The flyover is anchored to each abutment and also has two intermediate portal braced bays to cater for longitudinal forces. These forces are transmitted through the composite deck units via the cast ‘Meehanite’ bearings, which allow for expansion and rotation movements, and rubber compression pads between the ends of the units, which are pre-compressed during erection.

The parapets are fabricated from rectangular hollow sections and act as crash barriers. The uprights are bolted to the slabs and to the main longitudinal steel beams. Special joints are incorporated in the longitudinals to cater for expansion and to maintain continuity of strength from end-to-end of the ‘Fliway’. PVC coated steel splash panels and flashings are provided.

225 tons of steelwork were used in the superstructure and protection was by grit blasting followed by a four coat paint system. Erection of the deck units was completed in ten days, without interference to traffic at peak period, using a 50 ton capacity lorry-mounted mobile crane.

Two main contracts were placed, one for the foundations and the other for the steel superstructure, approach ramps and decking and other miscellaneous work above foundation level. Two main contractors were GKN Foundations Ltd for the foundations and the Butterley Engineering Co Ltd for the superstructure and associated work. Site investigation was by Le Grand Adsco.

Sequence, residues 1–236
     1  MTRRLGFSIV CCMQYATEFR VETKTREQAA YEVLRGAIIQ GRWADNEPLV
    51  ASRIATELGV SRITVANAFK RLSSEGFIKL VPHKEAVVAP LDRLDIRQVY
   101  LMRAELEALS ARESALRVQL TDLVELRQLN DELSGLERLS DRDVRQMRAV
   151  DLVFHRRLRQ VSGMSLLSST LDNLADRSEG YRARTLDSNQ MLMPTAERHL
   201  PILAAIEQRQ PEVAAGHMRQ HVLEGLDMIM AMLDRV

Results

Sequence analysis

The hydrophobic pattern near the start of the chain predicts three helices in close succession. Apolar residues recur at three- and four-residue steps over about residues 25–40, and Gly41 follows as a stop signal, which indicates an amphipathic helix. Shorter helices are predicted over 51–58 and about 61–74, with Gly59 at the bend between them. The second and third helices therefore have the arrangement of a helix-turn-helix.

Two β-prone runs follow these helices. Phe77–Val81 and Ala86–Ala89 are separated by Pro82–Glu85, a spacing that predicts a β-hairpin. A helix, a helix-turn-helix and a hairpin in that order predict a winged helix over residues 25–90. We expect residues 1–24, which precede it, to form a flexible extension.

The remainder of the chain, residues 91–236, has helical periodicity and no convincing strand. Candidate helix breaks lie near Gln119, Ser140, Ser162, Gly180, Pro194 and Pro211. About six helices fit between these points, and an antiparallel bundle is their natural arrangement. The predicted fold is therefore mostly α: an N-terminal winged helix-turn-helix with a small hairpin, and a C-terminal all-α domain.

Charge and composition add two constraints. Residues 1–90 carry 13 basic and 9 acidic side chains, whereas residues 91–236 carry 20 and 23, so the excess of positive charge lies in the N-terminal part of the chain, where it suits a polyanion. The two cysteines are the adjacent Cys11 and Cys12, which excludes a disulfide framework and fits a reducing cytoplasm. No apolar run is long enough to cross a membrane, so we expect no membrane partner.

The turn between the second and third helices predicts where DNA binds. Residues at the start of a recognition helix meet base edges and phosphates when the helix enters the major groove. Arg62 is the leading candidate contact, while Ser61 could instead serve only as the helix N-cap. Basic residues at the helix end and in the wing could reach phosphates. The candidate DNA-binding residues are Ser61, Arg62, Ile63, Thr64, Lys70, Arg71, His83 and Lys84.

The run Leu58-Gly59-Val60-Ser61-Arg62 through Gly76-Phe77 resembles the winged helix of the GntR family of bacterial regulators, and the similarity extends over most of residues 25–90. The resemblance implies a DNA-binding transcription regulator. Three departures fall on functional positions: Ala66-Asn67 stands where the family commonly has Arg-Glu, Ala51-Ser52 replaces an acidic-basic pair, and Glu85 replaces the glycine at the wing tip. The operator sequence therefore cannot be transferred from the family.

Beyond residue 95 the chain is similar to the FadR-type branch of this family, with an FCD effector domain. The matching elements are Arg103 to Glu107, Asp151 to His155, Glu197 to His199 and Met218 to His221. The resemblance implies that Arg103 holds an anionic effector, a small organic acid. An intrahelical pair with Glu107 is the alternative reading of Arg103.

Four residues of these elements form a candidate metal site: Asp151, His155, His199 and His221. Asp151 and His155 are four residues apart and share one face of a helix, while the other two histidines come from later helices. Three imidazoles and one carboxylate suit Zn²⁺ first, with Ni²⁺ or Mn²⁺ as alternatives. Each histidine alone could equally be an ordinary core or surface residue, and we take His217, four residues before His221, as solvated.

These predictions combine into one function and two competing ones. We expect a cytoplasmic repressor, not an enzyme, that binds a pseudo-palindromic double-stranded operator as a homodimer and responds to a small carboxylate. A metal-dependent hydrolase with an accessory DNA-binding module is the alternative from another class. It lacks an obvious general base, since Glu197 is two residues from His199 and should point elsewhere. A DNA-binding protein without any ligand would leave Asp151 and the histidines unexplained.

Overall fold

Street lighting was designed by the City Lighting Engineer. Roadworks, direction and other signs were carried out by the City Engineer’s Department. The total cost of all the work, including foundations, superstructure, site investigation and alterations to statutory undertaker’s services, was £160,000. Of this total, the superstructure approach ramps and other miscellaneous work above foundation level came to £79,000 and this cost, divided by the total area of flyover (833ft long by 25ft 4in wide), represents 75/- 0d per sq ft. Similarly the foundations represent a cost of 19/- 0d per sq ft.

Temporary flyovers often provide the only solution to the problems caused by our ever-increasing traffic density. Since the first temporary flyover was built in Birmingham some nine years ago several cities and large towns have found that this type of structure has been the only feasible method of achieving traffic flow without massive reconstruction and high expense. Similar structures have been built for instance at Bristol, Kingston and Barking and in each of these the main framing has been made from steel which lends itself particularly well to the reduction of dead load and simplicity of fabrication both on and off site. It is certain that many more temporary flyovers will be erected in the years ahead and although planned for only a limited life it is reasonable to suppose that many will be giving good service years after their original time span has been reached.

From Building with Steel: November 1969